Helen Mort was born in Sheffield in 1985. As a child, she loved language in general and poetry in particular and can’t remember a time when she wasn’t trying to write poetry, including dictating “an incoherent poem about trains” to her mum whilst at primary school. Although “not sure where the urge to write came from”, the sounds of words entranced her. She particularly delighted in “the way someone’s voice changes as they read aloud”. It’s a love that has grown and deepened with time, making her one of the most accomplished and engaging poets of her generation.
Helen grew up in the Peak District, writing her first ‘proper’ poem at the age of ten or eleven, and soon after discovered the Foyle Young Poets of the Year competition, in which she was a prize-winner not long after starting secondary school. Helen studied Social and Political Sciences at Christ’s College, Cambridge. After graduating, she stayed in East Anglia, where she now works for the Open University.
Her poetry is musical and often playful, relying as much on sound patterns as visual imagery. Don Paterson’s notion of ‘the lyric principle’ has been a strong influence in recent years and poets she admires are often Scottish and Irish – including Seamus Heaney, Paul Muldoon, Medbh McGuckian, Norman MacCaig and Derek Mahon. Her obsession for the music of poetry means that she often writes by ear, letting the poem be dictated by the sound. More recently, she’s come to admire the poetry of John Burnside and Andrew Greig, using a small epigraph from Greig in her tall-lighthouse pamphlet, the shape of every box; it captured, for her, what the act of writing is like: “She would say to discover the true depth of a well, drop a stone, start counting.”
Her poems confront big themes within small, delicate moments. In ‘Litton Mill’, her image of a glove – “black, fingerless” – is ominous and even slightly grotesque, hinting at foul play, as she tells us that the mills “are plush apartments now / flanked by stiff-backed chimneys”. In the beautifully observed and cleverly restrained ‘The Word for Snow’, the narrator’s sad father “didn’t raise his head from the bowl of dough, / thumbs kneading flour in a frenzy.”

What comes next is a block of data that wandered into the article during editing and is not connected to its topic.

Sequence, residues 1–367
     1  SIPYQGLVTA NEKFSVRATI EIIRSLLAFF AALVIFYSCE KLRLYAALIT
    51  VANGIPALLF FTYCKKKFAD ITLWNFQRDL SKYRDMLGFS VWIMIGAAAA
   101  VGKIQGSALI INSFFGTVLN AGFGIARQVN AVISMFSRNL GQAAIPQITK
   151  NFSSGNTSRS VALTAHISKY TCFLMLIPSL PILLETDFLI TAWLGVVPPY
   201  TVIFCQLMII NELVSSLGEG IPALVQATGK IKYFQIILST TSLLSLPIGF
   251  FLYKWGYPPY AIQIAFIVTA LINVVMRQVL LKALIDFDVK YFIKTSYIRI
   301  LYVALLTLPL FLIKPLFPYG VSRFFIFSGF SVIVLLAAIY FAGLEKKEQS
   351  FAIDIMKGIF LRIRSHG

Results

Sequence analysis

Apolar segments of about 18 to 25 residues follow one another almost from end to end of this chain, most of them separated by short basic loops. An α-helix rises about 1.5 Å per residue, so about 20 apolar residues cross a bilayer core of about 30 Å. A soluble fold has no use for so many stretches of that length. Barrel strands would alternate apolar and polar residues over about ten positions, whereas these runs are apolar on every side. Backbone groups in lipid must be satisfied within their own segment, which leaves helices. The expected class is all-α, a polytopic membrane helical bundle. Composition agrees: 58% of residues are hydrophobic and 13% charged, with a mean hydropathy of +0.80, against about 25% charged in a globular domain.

Her poems are often a series of oppositions – lost and found, disposable and permanent, ignored and desired. Love and its complications are, of course, eternal themes in poetry and ‘Division Street’ demonstrates her ability to write directly about betrayal; the opening lines leave the reader in no doubt as to the subject and mood of the poem – “You brought me here to break it off / one muggy Tuesday” and the lines “the way you nearly sneaked / a little something in my blood” show an awareness of the dark potency of suggestion. But Helen’s subjects are never coy or self-pitying; her imagery is as sharp and precise as the tattoo parlour needles recalled as “the knit-knit whine / of needle dotting bone.”
Five times winner of the Foyle Young Poets of the Year competition, and winner of the Manchester Young Poet Prize (2008), Helen’s work has appeared in a variety of magazines and anthologies including Tower Poetry, The Rialto and Poetry London. Her pamphlet, the shape of every box, was published by tall-lighthouse in 2007, the same year she received an Eric Gregory Award from the Society of Authors. She has performed her work at the Ledbury Festival, at StAnza in Scotland, at the Oxford Literary Festival and in Buckingham Palace. She is currently working towards a first full collection. She runs a Poetry Society Stanza and is part of the CB1 Poetry steering group, hosting readings in Cambridge city centre.
the shape of every box (tall-lighthouse, 2007)
Helen’s author page
The CB1 Poetry Group
Poetry Society Stanzas
Foyle Young Poets
The Poetry Society’s international youth poetry competition.
Christ Church, Oxford’s prestigious poetry awards for young UK writers.